close

Privacy guaranteed - Your email is not shared with anyone.

Welcome to Glock Talk

Why should YOU join our Glock forum?

  • Converse with other Glock Enthusiasts
  • Learn about the latest hunting products
  • Becoming a member is FREE and EASY

If you consider yourself a beginner or an avid shooter, the Glock Talk community is your place to discuss self defense, concealed carry, reloading, target shooting, and all things Glock.

Hot Lead. Too Hot?

Discussion in 'Reloading' started by steve4102, Nov 29, 2012.

  1. steve4102

    steve4102

    2,310
    674
    Jan 2, 2009
    I new to casting bullets and I could use some help.
    I am melting and pouring with my Do-It Molds Hot Pot left over from my Jig making days.
    http://do-itmolds.com/shop/index.php?route=product/category&path=4_188_2060

    The alloy gets pretty hot almost 800*. My bullets come out fine and they are not "frosty".

    Is this to hot for casting bullets? Do I need to get the temp down and find a different melter?

    Thanks
    Steve
     
  2. jmorris

    jmorris

    1,595
    144
    Apr 13, 2006
    I don't like to get lead that hot, I cast below 700.
     


  3. SJ 40

    SJ 40

    13,318
    2,997
    Jan 17, 2011
    Vermont
    + 1, I like to cast at enough temp. to get good registration and fill out and no hotter than needed for that. A good thermometer will be useful for your casting career. SJ 40
     
  4. steve4102

    steve4102

    2,310
    674
    Jan 2, 2009
    I have a thermometer, it read 800* and the melter is not adjustable.
     
  5. fredj338

    fredj338

    21,708
    925
    Dec 22, 2004
    so.cal.
    It's a bit hot, but if it's working, you are fine. You will get slightly more shrinkage & faster alloy oxidation but cast away, you are fine. I run in the 700 range w/ most alloys, been like that for decades.
     
    Last edited: Nov 29, 2012
  6. SJ 40

    SJ 40

    13,318
    2,997
    Jan 17, 2011
    Vermont
    :agree:Upgrade your pot. SJ 40
     
  7. jmorris

    jmorris

    1,595
    144
    Apr 13, 2006
    You don't need a whole new setup just a good thermostat on what you have.

    I use old PID controllers, they can be found cheap and can be calibrated to any number of different thermocouples.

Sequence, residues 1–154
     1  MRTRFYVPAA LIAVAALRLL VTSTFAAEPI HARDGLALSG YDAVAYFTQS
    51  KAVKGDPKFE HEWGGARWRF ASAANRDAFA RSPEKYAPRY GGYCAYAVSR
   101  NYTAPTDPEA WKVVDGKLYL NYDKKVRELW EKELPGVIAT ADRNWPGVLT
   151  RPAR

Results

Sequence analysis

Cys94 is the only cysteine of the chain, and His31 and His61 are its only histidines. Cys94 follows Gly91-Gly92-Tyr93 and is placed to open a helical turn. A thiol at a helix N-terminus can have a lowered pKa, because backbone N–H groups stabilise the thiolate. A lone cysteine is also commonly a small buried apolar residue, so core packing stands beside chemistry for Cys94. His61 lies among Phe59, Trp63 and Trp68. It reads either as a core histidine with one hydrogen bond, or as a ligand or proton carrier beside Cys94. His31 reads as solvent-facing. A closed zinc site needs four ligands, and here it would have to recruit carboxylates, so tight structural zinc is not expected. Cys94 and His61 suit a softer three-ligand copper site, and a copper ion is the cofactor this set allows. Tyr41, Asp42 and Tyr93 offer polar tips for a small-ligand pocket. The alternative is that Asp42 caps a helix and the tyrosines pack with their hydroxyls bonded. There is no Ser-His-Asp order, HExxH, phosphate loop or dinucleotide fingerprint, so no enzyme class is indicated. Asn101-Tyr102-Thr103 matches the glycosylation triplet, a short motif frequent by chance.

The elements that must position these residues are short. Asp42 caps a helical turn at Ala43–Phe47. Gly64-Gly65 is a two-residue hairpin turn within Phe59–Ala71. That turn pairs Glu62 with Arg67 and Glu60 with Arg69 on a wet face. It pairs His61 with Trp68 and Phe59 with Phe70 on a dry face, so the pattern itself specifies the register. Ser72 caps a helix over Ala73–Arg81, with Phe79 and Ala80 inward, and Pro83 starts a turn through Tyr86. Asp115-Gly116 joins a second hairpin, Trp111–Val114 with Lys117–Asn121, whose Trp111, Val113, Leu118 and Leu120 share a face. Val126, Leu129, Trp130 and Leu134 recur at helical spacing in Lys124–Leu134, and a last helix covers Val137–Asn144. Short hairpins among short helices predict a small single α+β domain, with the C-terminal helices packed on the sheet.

I even use them to control the temp on my smokers.

    [​IMG]
     
  8. Three-Five-Seven

    Three-Five-Seven Señor Mombo Millennium Member

    2,727
    34
    Aug 8, 1999
    Great Southwest
    The bullet will tell you the temperature. If you're not getting frosty bullets, it is NOT too hot.

    Now, as a session goes on, you may find your mold heats up to the point where bullets start to frost. At that point, either slow down, or turn the thermostat down.

    You really need to overshoot the working temperature to get the mold hot enough to cast in the first place. This is particularly true with iron molds.

    You are A-O.K.
     
  9. fredj338

    fredj338

    21,708
    925
    Dec 22, 2004
    so.cal.
    There is no health risk Steve. Lead doesn't vaporize until well over 1000deg. I don't even know of a home casting pot that will get much over 900deg. If an alloy won;t cast @ 800deg in any mold, something is messed up with the alloy (read zinc).:dunno:
     
  10. countrygun

    countrygun

    17,069
    17
    Mar 9, 2012
    Really good info here. I cast at a lower temp because it gives me more "wiggle room" if, as one poster pointed out, the molds start holding heat. there is no advantage to casting hotter than you need to .
     
  11. Colorado4Wheel

    Colorado4Wheel

    14,937
    166
    Nov 2, 2006
    CO
    Jack warned me otherwise. I believed him.
     
  12. jmorris

    jmorris

    1,595
    144
    Apr 13, 2006
    There are sources that say lead over 800 is not good. Magma engineering that makes casting machines is one. I guess Jack is another. Good enough for me.